- GVA is divided into eight broad sectors. Although all sectors have been disrupted, some may be affected less than the others. We divide the output sectors in four groups.
- Group A- This group is likely to suffer minimum disruption.
- Agriculture and allied sectors, and public administration, defence.
- Despite some labour shortage issues, agriculture sector may show near-normal performance.
- The public and defence services have been nearly fully active, with the health services at the forefront of the the COVID-19 fight.
- For the group A sectors, it may be possible to achieve 90% of the 2019-20 growth performance.
- Group D- This group is likely to suffer maximum disruption.
- This includes, trade, hotels, restaurants, travel and tourism under the broad group of “Trade, Hotels, Transport, Storage and Communications”.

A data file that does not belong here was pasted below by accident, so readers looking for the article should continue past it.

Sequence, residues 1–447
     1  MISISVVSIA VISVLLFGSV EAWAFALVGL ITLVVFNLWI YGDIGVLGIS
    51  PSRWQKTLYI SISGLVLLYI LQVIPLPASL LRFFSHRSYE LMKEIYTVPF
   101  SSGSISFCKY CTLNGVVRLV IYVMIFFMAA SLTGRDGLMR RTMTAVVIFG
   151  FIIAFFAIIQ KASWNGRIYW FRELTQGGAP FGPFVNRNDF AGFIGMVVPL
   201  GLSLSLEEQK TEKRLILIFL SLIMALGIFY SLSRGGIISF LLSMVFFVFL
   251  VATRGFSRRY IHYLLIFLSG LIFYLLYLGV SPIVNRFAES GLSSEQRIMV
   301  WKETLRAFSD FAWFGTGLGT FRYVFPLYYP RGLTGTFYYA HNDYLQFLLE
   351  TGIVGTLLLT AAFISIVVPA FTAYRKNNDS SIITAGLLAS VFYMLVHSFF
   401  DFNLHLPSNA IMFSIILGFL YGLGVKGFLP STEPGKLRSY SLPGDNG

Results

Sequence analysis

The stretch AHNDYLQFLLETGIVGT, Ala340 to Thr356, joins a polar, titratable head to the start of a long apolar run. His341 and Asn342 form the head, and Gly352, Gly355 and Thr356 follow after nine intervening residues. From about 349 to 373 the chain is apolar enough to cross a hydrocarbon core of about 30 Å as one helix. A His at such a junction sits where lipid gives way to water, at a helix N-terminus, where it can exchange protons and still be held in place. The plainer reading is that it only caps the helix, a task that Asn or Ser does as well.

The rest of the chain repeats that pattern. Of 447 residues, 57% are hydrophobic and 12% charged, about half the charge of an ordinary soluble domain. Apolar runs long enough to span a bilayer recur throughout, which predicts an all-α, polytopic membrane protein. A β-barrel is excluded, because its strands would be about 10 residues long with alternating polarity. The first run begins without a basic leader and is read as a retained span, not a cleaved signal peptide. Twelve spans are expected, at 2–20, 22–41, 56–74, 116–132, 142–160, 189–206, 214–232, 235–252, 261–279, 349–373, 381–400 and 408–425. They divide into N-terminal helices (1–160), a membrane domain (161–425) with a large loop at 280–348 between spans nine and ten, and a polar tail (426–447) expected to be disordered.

- This sector may be able to show 30% of 2019-20 growth performance.
- Group B
- This comprises sectors which may suffer average disruption showing 50% of 2019-20 growth performance.
- These sectors are mining and quarrying, electricity, gas, water supply and other utility services, construction, and financial, real estate and professional services.
- Group C
- In this group come manufacturing which has suffered significant growth erosion in 2019-20.
- It is feasible to stimulate this sector by supporting demand.
- In this case a 40% performance factor on the average growth of the preceding three years is applied.
So, what are the estimates for 2020-21 GVA?
- Considering these four groups together, a GVA growth of 2.9% is estimated for 2020-21.
- Realising this requires strong policy support, particularly for the manufacturing sector which has a weight of 17.4%.
- It is also based on the assumption that the Indian economy may move on to positive growth after the first quarter.
- In the first quarter, GVA growth will be negative.
Policy support for the growth